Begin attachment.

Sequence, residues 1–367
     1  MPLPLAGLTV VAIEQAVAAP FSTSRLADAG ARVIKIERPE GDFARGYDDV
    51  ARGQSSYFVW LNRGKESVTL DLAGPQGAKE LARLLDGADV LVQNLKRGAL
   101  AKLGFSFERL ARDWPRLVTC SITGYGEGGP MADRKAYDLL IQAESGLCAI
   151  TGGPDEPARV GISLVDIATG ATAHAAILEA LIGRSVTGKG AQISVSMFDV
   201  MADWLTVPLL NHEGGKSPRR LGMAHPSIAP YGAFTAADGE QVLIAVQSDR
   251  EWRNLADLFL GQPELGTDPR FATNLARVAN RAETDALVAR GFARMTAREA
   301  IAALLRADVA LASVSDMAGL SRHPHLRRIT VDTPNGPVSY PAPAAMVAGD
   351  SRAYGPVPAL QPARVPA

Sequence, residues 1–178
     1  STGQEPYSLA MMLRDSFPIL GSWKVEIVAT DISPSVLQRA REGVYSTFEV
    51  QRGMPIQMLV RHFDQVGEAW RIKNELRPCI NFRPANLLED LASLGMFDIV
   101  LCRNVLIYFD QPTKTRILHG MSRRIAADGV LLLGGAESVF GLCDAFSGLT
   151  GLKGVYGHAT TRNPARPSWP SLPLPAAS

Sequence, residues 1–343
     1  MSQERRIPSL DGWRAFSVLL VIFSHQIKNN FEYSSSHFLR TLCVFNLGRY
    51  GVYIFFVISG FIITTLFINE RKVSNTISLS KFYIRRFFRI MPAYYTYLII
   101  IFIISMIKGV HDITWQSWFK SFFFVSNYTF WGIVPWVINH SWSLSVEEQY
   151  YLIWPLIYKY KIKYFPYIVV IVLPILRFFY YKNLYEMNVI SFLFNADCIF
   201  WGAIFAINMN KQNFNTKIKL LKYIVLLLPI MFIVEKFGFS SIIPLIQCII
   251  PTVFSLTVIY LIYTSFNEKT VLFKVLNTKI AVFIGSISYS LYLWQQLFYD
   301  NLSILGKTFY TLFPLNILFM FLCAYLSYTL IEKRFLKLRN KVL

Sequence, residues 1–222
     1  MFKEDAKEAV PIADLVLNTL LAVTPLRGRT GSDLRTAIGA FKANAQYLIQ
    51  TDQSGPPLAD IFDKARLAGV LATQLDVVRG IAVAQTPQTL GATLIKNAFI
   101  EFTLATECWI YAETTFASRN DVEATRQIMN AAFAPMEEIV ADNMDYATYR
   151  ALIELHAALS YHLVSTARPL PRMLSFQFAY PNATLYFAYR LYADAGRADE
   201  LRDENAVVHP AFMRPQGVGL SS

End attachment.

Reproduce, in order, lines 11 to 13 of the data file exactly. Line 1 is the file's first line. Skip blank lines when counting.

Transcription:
     1  STGQEPYSLA MMLRDSFPIL GSWKVEIVAT DISPSVLQRA REGVYSTFEV
    51  QRGMPIQMLV RHFDQVGEAW RIKNELRPCI NFRPANLLED LASLGMFDIV
   101  LCRNVLIYFD QPTKTRILHG MSRRIAADGV LLLGGAESVF GLCDAFSGLT